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Article: Self-control, self-regulation, and doping in sport: A test of the strength-energy model

TitleSelf-control, self-regulation, and doping in sport: A test of the strength-energy model
Authors
KeywordsSport medicine
Psychology
Physical performance
Issue Date2015
Citation
Journal of Sport and Exercise Psychology, 2015, v. 37, n. 2, p. 199-206 How to Cite?
Abstract© 2015 Human Kinetics, Inc. We applied the strength-energy model of self-control to understand the relationship between self-control and young athletes' behavioral responses to taking illegal performance-enhancing substances, or "doping." Measures of trait self-control, attitude and intention toward doping, intention toward, and adherence to, doping-avoidant behaviors, and the prevention of unintended doping behaviors were administered to 410 young Australian athletes. Participants also completed a "lollipop" decision-making protocol that simulated avoidance of unintended doping. Hierarchical linear multiple regression analyses revealed that self-control was negatively associated with doping attitude and intention, and positively associated with the intention and adherence to doping-avoidant behaviors, and refusal to take or eat the unfamiliar candy offered in the "lollipop" protocol. Consistent with the strength-energy model, athletes with low self-control were more likely to have heightened attitude and intention toward doping, and reduced intention, behavioral adherence, and awareness of doping avoidance.
Persistent Identifierhttp://hdl.handle.net/10722/214068
ISSN
2015 Impact Factor: 2.379
2015 SCImago Journal Rankings: 1.237
ISI Accession Number ID

 

DC FieldValueLanguage
dc.contributor.authorChan, Derwin K C-
dc.contributor.authorLentillon-Kaestner, Vanessa-
dc.contributor.authorDimmock, James A.-
dc.contributor.authorDonovan, Robert J.-
dc.contributor.authorKeatley, David A.-
dc.contributor.authorHardcastle, Sarah J.-
dc.contributor.authorHagger, Martin S.-
dc.date.accessioned2015-08-19T13:41:45Z-
dc.date.available2015-08-19T13:41:45Z-
dc.date.issued2015-
dc.identifier.citationJournal of Sport and Exercise Psychology, 2015, v. 37, n. 2, p. 199-206-
dc.identifier.issn0895-2779-
dc.identifier.urihttp://hdl.handle.net/10722/214068-
dc.description.abstract© 2015 Human Kinetics, Inc. We applied the strength-energy model of self-control to understand the relationship between self-control and young athletes' behavioral responses to taking illegal performance-enhancing substances, or "doping." Measures of trait self-control, attitude and intention toward doping, intention toward, and adherence to, doping-avoidant behaviors, and the prevention of unintended doping behaviors were administered to 410 young Australian athletes. Participants also completed a "lollipop" decision-making protocol that simulated avoidance of unintended doping. Hierarchical linear multiple regression analyses revealed that self-control was negatively associated with doping attitude and intention, and positively associated with the intention and adherence to doping-avoidant behaviors, and refusal to take or eat the unfamiliar candy offered in the "lollipop" protocol. Consistent with the strength-energy model, athletes with low self-control were more likely to have heightened attitude and intention toward doping, and reduced intention, behavioral adherence, and awareness of doping avoidance.-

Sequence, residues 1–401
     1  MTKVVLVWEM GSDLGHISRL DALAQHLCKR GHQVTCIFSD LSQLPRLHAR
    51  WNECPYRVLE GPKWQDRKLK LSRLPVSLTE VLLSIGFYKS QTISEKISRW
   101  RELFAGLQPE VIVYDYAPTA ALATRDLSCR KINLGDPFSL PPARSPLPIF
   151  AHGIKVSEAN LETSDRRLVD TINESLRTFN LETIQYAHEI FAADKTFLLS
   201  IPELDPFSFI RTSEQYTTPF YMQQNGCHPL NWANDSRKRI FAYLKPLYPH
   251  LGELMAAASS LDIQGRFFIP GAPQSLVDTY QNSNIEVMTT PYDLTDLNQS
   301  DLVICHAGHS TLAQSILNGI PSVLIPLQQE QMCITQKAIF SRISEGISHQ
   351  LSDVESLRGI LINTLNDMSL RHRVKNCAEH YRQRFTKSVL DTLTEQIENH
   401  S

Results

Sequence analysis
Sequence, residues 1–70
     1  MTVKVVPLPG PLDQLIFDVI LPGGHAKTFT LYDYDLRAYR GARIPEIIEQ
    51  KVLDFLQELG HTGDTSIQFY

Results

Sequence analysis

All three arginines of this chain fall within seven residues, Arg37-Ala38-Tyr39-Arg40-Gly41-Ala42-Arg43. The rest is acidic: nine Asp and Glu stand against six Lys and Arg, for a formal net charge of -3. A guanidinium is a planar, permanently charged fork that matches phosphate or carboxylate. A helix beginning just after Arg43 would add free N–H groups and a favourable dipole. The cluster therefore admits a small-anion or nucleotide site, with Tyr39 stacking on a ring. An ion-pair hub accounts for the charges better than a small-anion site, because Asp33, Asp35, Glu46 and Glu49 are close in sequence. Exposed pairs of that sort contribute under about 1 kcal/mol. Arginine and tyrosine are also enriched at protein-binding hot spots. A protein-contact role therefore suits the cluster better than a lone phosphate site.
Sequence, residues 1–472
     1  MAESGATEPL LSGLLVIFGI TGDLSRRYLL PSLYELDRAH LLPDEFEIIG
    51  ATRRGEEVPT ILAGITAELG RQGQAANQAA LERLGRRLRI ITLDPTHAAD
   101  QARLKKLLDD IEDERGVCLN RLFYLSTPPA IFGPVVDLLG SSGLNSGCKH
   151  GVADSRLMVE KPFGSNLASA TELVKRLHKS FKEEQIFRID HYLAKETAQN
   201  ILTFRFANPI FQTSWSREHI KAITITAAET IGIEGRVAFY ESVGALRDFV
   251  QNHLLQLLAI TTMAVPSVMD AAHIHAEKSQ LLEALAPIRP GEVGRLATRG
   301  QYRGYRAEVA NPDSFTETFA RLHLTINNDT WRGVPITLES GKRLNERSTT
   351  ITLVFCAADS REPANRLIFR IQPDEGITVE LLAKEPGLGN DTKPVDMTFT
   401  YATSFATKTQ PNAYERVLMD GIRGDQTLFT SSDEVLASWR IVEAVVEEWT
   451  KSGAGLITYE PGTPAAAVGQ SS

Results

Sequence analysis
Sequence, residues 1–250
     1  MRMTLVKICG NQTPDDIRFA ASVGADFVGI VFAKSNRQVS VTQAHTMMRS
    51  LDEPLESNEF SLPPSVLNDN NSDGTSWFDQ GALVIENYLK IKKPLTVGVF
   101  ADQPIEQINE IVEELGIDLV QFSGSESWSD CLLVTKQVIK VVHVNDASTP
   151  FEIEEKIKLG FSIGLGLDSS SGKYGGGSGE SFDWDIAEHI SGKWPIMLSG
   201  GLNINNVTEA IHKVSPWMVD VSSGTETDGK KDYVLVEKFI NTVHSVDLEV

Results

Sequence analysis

dc.languageeng-
dc.relation.ispartofJournal of Sport and Exercise Psychology-
dc.subjectSport medicine-
dc.subjectPsychology-
dc.subjectPhysical performance-
dc.titleSelf-control, self-regulation, and doping in sport: A test of the strength-energy model-
dc.typeArticle-
dc.description.natureLink_to_subscribed_fulltext-
dc.identifier.doi10.1123/jsep.2014-0250-
dc.identifier.scopuseid_2-s2.0-84940822910-
dc.identifier.volume37-
dc.identifier.issue2-
dc.identifier.spage199-
dc.identifier.epage206-
dc.identifier.eissn1543-2904-
dc.identifier.isiWOS:000355571600008-

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